Mo Farah generated the most favourite moments of London 2012, with 15% of respondents citing his achievements as the most memorable. His, along with Team GB’s outstanding performance, made us all proud to be British. Our survey found that 63% of respondents said that the games made them feel more patriotic and proud of Great Britain; and despite initial concerns around funding, security and organisation, 66% of respondents were pleased that the games were held in London.
Overall, the Olympic and Paralympic Games were rightly viewed more as a sporting showcase than a commercial and regeneration initiative. 70% of respondents said that London 2012 was about showcasing sporting talent on a world stage and 67% said that London 2012 was about inspiring youth talent development.
By the end of it, the Olympics and Paralympics showed us that we can achieve great things. The issues around security, transportation and weather never raised their heads; our concerns of underperforming never materialised; and our worries around how the public would embrace the games surprised us all.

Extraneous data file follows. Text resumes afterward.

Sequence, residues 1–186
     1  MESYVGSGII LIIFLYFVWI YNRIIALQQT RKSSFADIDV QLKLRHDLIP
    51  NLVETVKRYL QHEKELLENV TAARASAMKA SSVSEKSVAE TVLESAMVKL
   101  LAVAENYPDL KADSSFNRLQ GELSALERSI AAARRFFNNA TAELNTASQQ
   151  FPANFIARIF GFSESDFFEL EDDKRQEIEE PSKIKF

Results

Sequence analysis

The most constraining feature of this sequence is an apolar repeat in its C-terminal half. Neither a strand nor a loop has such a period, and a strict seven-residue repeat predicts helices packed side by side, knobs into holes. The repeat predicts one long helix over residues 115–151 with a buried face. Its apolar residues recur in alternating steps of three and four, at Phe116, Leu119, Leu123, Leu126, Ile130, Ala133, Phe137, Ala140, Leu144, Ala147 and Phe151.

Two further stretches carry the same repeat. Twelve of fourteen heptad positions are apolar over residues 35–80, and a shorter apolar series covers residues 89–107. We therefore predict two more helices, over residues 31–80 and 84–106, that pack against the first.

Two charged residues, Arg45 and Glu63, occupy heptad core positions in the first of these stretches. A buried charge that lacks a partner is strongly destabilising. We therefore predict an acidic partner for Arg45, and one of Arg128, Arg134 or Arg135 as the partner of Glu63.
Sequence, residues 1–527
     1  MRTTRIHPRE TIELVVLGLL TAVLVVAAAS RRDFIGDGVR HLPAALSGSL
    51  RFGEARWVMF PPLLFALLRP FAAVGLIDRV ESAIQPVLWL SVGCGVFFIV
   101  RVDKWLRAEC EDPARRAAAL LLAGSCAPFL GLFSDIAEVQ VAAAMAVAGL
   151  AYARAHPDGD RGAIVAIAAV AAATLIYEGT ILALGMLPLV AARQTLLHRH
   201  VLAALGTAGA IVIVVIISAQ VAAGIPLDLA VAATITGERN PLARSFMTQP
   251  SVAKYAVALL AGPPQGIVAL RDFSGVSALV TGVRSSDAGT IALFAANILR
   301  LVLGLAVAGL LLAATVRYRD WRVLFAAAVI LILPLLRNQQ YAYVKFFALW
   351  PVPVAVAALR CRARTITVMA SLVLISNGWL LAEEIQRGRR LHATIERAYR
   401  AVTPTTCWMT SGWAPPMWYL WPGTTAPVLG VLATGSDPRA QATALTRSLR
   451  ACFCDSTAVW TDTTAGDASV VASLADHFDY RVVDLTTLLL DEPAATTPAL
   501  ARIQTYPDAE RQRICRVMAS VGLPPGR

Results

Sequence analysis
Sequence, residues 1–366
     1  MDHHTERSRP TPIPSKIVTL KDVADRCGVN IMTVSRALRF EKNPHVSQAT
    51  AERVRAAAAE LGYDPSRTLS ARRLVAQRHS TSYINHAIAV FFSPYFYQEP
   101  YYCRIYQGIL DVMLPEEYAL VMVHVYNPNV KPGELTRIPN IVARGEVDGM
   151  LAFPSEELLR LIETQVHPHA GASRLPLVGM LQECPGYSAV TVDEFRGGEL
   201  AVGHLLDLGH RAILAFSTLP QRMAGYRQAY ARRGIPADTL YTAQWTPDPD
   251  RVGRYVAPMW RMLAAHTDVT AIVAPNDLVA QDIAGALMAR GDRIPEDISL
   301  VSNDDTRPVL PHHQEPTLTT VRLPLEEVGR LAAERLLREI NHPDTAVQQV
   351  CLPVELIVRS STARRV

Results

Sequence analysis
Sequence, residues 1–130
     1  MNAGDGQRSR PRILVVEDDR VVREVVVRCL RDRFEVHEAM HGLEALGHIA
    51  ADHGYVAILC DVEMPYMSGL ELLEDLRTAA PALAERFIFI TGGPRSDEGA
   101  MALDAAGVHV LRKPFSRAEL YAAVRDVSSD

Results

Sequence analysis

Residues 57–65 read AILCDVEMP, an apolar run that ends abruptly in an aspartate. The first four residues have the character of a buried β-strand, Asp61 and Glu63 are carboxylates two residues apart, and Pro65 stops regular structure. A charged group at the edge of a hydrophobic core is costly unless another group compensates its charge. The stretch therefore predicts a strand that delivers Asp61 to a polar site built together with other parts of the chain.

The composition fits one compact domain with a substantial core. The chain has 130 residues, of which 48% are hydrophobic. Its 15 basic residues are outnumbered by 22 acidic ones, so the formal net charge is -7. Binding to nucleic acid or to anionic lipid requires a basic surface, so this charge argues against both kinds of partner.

Whilst most of us have been moved by the countless stories, the underlying learning from this summer is that hard work and determination are always rewarded; values which are fundamental for developing future sporting talent and a successful society.
But the success of the games went beyond the medal count. Over 70,000 individuals volunteered over 8 million hours during the games. This overwhelming enthusiasm for community volunteering may be one of the most important legacies of the games. Brands have also been an integral component of London 2012, but they need to build on the momentum and be part of the legacy drive.
Patriotic pride has been taken back! Whilst this has in the past been the virtue of the far-right, consumers have been liberated to demonstrate their ‘Britishness’ and its now cool to be proud of and part of Britain.
So as the memory of London 2012 fades away, the fortitude and focus our athletes showed should inspire us all to be better and help put the ‘Great’ back into Great Britain.
If good things come to those who wait, how long will we have to wait for another summer like this?
Source: OMD Insight SnapShots Panel (August 2012). Base: 354 nationally representative respondents